Chris Suggs

Councilmember, Kinston City, NC
Civic Spring Fellow 2020

At 23 years old, Chris Suggs is the youngest elected official in North Carolina, spearheading projects related to affordable housing, food insecurity, and community development. Outside of politics, he is a community organizer and entrepreneur who leads Youth Impact Strategies, a consulting firm that specializes in meaningfully engaging young people in leadership, programming, and communication. Suggs is also the founder of Kinston Teens, Inc., a nonprofit dedicated to youth empowerment and community development.

“We’ve shown that young people can and will make a difference on the issues that are important to us. Whether that’s responding to hurricanes and natural disasters, getting young people registered to vote, showing up, filling up our City Council and School Board meetings. It truly encompasses the mission of Kinston Teens and of me being a City Councilmember, of us getting more young people involved with local government.”

Chris Suggs
Chris Suggs

Salamishah Tillet

Salamishah Tillet on stage

Henry Rutgers Professor of African American Studies and Creative Writing, Rutgers University, Newark
Mellon Fellow 1999, Career Enhancement Fellow 2010

Dr. Tillet is a scholar, writer, and activist whose work lives at the intersection of the arts, education, social justice, and community service. She is a contributing critic at large for The New York Times and won a Pulitzer Prize in 2022 for columns examining race and Black perspectives as the arts and entertainment world responded to the Black Lives Matter moment with new works. She is the director of Express Newark, a center for socially engaged art and design where people co-create, collaborate, and make art for social change.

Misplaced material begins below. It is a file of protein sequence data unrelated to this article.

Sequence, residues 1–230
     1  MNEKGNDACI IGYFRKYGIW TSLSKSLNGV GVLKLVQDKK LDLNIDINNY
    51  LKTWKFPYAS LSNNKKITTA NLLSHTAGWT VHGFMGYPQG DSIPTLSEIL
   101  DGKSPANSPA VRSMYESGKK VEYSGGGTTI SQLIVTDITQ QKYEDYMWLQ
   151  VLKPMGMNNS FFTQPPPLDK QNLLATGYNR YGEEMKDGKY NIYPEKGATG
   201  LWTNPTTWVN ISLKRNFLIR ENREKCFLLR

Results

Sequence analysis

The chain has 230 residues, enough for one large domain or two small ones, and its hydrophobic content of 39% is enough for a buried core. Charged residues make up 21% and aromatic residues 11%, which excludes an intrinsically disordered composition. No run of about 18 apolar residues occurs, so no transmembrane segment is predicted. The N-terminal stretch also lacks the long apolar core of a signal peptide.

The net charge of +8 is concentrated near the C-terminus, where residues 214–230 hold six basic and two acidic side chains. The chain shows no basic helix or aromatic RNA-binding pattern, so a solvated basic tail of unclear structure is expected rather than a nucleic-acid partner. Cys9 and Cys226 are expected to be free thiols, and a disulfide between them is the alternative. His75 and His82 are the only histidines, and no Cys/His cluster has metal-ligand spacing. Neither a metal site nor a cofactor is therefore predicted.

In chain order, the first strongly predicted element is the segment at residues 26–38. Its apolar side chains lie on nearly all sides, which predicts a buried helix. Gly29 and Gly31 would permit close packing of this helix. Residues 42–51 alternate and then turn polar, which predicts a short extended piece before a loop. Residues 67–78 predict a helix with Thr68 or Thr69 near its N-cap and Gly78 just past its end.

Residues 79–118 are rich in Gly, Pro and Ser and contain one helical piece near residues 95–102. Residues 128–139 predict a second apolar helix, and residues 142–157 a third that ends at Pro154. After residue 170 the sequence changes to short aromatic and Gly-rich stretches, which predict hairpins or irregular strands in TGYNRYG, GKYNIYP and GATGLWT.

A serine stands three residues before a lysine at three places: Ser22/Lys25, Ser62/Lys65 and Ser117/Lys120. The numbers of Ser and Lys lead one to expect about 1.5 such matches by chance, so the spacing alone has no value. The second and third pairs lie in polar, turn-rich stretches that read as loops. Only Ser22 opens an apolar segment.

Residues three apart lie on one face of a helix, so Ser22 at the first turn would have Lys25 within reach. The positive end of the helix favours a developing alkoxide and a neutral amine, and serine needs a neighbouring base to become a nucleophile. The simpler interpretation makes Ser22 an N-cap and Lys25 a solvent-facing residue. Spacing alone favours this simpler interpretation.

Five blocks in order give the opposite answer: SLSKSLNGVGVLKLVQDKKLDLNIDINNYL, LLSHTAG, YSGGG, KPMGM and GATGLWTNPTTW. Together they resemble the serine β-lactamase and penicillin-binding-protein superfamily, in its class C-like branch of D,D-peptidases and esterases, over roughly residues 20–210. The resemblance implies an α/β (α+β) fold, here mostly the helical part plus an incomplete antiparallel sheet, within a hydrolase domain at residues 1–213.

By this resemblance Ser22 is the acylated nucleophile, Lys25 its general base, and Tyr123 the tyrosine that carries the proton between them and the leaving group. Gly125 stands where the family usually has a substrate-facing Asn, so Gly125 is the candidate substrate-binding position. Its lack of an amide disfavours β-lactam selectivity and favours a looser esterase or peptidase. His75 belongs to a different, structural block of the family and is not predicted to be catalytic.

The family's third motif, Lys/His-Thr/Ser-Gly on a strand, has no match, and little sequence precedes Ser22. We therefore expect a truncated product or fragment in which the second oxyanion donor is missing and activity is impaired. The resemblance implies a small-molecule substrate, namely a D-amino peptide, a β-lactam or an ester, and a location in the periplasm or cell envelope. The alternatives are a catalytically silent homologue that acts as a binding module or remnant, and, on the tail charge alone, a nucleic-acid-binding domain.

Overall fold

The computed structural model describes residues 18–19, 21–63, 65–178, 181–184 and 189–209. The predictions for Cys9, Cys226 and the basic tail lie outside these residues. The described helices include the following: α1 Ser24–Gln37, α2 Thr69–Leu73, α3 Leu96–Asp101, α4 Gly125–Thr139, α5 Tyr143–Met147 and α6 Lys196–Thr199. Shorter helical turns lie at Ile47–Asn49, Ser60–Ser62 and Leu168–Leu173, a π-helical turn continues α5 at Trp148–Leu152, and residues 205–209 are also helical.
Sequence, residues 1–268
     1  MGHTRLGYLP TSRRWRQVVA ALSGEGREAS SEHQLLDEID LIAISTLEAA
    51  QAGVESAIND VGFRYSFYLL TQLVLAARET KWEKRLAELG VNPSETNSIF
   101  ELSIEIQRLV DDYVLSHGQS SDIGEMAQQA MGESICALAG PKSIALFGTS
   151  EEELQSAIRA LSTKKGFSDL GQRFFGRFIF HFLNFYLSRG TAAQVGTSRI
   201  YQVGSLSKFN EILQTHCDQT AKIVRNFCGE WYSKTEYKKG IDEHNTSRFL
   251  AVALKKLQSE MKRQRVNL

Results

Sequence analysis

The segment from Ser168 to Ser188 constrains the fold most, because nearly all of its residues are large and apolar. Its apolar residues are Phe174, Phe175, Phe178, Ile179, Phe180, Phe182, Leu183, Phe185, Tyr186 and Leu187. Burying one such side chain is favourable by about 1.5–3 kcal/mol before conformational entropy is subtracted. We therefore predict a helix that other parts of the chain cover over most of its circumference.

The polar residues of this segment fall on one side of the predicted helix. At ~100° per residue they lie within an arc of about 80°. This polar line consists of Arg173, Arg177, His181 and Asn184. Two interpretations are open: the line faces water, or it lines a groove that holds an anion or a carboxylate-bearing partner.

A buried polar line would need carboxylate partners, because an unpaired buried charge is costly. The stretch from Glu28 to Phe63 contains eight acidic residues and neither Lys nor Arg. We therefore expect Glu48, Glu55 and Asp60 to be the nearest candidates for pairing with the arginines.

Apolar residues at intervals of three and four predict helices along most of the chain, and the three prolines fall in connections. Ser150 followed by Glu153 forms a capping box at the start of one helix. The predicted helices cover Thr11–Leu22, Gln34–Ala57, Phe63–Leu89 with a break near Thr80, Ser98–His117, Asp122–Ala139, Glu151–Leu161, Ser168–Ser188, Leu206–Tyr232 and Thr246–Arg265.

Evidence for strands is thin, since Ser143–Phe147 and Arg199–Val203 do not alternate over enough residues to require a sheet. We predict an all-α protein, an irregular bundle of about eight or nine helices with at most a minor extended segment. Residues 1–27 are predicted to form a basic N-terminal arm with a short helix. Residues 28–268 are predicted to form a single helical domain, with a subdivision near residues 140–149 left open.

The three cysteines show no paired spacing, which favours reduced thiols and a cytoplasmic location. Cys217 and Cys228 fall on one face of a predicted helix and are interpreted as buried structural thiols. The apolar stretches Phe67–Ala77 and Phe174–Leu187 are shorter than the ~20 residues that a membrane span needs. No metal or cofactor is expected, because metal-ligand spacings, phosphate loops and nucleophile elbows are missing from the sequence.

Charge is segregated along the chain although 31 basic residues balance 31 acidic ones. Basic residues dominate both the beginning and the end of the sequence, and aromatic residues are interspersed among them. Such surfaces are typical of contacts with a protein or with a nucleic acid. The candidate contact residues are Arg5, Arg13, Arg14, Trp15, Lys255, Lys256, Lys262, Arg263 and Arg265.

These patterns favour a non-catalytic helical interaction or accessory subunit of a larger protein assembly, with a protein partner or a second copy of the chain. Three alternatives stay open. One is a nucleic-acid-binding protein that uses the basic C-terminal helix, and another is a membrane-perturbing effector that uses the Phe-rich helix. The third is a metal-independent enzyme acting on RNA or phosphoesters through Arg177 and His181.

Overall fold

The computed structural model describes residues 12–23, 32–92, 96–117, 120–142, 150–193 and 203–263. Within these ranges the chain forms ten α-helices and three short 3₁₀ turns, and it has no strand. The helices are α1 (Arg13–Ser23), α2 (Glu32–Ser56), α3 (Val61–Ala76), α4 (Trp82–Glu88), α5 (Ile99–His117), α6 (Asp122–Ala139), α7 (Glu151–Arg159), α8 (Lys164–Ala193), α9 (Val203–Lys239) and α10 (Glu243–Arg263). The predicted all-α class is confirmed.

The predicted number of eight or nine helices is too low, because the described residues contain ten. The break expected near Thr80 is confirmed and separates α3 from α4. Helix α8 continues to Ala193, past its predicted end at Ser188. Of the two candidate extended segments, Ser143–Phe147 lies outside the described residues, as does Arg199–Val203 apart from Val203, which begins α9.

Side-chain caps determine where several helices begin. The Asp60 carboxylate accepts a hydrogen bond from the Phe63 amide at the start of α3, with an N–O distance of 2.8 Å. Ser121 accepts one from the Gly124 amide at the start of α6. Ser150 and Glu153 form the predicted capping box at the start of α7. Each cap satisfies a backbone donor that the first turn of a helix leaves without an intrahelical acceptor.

Ben Vinson III

President, Howard University
Career Enhancement Fellow 2001

Dr. Vinson was appointed as the 18th president of Howard University in May 2023. He is a scholar of the African diaspora and is considered a foremost historian of Latin America. Dr. Vinson previously served as the Provost and Executive Vice President of Case Western Reserve University. In Fall 2023, he joined Citizens & Scholars’ College Presidents for Civic Preparedness, a consortium of diverse college presidents united in ensuring students are civically well-informed, productively engaged, and committed to democracy.

“We know ours is an American story; a quintessential saga, an American journey whose essence fuels and inspires an entire diaspora. And we know we are proud because on the foundation, that is our iron legacy, we build the strength for better tomorrows.”

Dr. Ben Vinson III
Dr. Ben Vinson III during his Presidential Inauguration Address at Howard University

Brandon Washington

Technology Education Teacher, Hamilton West High School
WW Teaching Fellow 2014

Brandon Washington is a high school educator, adjunct professor at LaSalle University, and an instructor for the Uncommon Individual Foundation. He is dedicated to community outreach, serving as a board member of Philadelphia’s South of South Neighborhood Association and founder of The STREAM Engine, which provides resources and educational opportunities for local youth. Washington recently launched a fundraiser to build a community space and after-school program to help young people in his community gather and learn about STEM topics.


Michael R. Winston

Provost Emeritus, Howard University
WW Fellow 1962

Dr. Winston is a distinguished historian and former faculty member and academic administrator at Howard University. He is also a Trustee Emeritus of the Institute for Citizens & Scholars (then the Woodrow Wilson Fellowship Foundation). Dr. Winston is the founding director of Moorland-Spingarn Research Center at Howard, which recently celebrated its 50th anniversary as the “largest and most comprehensive repositories of documents, books, and ephemera for the Black experience.”